Our latest entry always comes up first...

Click this link if you want to start at the beginning of our trip from
South Carolina (where we bought the boat) to Lake Ontario Click this link:

If you want to see the story of our 2 1/2 year project getting
Blowin' Bubbles ready for our life on board click here:

If you want to start at the beginning of our trip:
START OF TRIP - July 2014
2015, 2016, 2017

Thursday, February 25, 2016

The Panama Canal!

Welcome to our Blog. Our latest entry always comes up first... 
Click this link if you want to start at the beginning:
If you want to start at the beginning of our trip:
If you want to see the story of our trip from South Carolina
(where we bought the boat)
 to Lake Ontario Click this link:
The Panama Canal is an American-built waterway across the Isthmus of Panama that connects the Atlantic and Pacific oceans. The 50-mile-long passage created an important shortcut for ships; after the canal was constructed, a vessel sailing between New York and California was able to bypass the long journey around the tip of South America and trim nearly 8,000 miles from its voyage. The canal, which uses a system of locks to lift ships 85 feet above sea level, was the largest engineering project of its time. (more info at:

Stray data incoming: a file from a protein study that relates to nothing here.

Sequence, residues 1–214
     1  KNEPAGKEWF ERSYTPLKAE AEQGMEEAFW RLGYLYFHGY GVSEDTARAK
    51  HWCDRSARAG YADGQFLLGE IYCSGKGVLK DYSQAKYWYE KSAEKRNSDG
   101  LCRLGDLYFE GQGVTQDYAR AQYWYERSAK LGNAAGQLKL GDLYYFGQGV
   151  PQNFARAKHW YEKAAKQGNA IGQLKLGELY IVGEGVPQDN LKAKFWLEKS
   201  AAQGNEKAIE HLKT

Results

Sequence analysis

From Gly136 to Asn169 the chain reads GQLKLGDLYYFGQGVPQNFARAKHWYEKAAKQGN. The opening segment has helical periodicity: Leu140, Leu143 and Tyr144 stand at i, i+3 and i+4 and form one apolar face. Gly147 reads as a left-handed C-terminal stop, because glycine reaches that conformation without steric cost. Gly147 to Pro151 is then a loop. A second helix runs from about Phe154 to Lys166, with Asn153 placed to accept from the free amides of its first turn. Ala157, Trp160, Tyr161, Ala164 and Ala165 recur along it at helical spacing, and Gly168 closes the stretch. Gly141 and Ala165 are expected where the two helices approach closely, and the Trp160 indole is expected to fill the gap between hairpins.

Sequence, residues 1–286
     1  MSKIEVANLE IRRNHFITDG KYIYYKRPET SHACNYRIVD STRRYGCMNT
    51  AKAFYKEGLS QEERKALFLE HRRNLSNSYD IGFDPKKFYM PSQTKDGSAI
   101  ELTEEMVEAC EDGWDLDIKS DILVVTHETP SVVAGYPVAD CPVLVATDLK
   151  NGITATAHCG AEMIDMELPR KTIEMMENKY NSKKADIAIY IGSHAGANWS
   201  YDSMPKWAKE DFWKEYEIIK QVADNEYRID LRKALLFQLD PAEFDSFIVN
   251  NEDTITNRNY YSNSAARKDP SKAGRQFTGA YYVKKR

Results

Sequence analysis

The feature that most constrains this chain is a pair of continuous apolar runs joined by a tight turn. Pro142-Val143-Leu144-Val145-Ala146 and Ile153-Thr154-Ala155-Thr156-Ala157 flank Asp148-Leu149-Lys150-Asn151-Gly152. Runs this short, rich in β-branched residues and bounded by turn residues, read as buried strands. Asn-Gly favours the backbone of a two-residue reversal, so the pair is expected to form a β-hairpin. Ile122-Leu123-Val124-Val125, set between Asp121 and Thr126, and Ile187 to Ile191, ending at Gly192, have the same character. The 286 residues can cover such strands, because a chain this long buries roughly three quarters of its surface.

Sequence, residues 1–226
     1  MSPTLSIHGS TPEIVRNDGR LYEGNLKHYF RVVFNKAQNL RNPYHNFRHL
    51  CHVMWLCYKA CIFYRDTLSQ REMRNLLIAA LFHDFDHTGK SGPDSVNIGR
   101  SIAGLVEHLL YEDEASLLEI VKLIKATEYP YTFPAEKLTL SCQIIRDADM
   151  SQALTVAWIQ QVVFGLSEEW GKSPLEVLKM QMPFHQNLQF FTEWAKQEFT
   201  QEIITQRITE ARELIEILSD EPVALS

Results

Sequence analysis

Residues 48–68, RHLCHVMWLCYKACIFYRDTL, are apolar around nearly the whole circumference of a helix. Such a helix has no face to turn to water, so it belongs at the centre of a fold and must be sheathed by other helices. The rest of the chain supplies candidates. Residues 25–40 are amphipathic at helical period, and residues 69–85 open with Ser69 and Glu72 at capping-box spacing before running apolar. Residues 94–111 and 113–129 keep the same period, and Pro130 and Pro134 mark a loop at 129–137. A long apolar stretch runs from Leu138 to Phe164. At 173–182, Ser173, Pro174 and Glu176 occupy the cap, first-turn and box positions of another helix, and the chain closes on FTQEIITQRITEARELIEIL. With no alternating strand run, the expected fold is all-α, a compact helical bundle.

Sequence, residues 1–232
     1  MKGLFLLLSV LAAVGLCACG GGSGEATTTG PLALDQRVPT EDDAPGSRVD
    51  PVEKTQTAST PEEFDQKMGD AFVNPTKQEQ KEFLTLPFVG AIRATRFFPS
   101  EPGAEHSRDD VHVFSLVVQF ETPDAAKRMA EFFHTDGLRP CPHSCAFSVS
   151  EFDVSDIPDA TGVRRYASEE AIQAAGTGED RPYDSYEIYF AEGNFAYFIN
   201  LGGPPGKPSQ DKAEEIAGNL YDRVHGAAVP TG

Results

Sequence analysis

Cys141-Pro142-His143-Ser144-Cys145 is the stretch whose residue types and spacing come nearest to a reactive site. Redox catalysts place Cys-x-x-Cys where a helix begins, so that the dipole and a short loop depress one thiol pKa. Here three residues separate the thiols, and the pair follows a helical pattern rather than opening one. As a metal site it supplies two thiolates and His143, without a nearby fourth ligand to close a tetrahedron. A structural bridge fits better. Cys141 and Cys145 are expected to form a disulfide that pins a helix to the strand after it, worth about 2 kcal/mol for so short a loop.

Last weekend Blowin Bubbles made our historic journey across this wonder of the world... Our journey began at the Shelter Bay Marina where we stayed for a few weeks prior to our transit.  We decided not to use an agent so we had some running around to do.  In order for a small vessel like ours to transit the canal, we must first be measured by an official from the Canal.  Our 45' boat was officially measured at 49' 4" which was good because the price would increase by almost $500 if we were even one inch over the 50' threshold...

After our official measurement we took a taxi into Colon to visit the bank where we were to pay our transit fees.  This whole transaction happens with cash, so we first had to visit an ATM to withdraw enough money.   The cost for our boat was:

Transit toll:  $800
Inspection charge:  $54
Security Charge:  $130
Buffer*:   $891
Total:  $1875

*The "Buffer" is like a damage deposit, in case we incurred any penalties or damages along our transit.  At some point we hope that the money will be deposited into our bank account, less a "fee" for handling our money...